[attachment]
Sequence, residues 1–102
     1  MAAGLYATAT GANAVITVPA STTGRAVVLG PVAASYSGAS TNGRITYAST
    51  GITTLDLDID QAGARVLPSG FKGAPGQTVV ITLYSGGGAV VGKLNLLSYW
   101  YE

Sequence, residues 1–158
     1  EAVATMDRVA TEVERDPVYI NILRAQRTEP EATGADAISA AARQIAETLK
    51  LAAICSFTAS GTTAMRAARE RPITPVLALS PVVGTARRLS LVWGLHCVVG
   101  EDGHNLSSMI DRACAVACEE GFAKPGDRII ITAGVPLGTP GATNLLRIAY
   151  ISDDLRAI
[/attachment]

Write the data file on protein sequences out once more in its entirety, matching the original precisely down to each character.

Sequence, residues 1–102
     1  MAAGLYATAT GANAVITVPA STTGRAVVLG PVAASYSGAS TNGRITYAST
    51  GITTLDLDID QAGARVLPSG FKGAPGQTVV ITLYSGGGAV VGKLNLLSYW
   101  YE

Sequence, residues 1–158
     1  EAVATMDRVA TEVERDPVYI NILRAQRTEP EATGADAISA AARQIAETLK
    51  LAAICSFTAS GTTAMRAARE RPITPVLALS PVVGTARRLS LVWGLHCVVG
   101  EDGHNLSSMI DRACAVACEE GFAKPGDRII ITAGVPLGTP GATNLLRIAY
   151  ISDDLRAI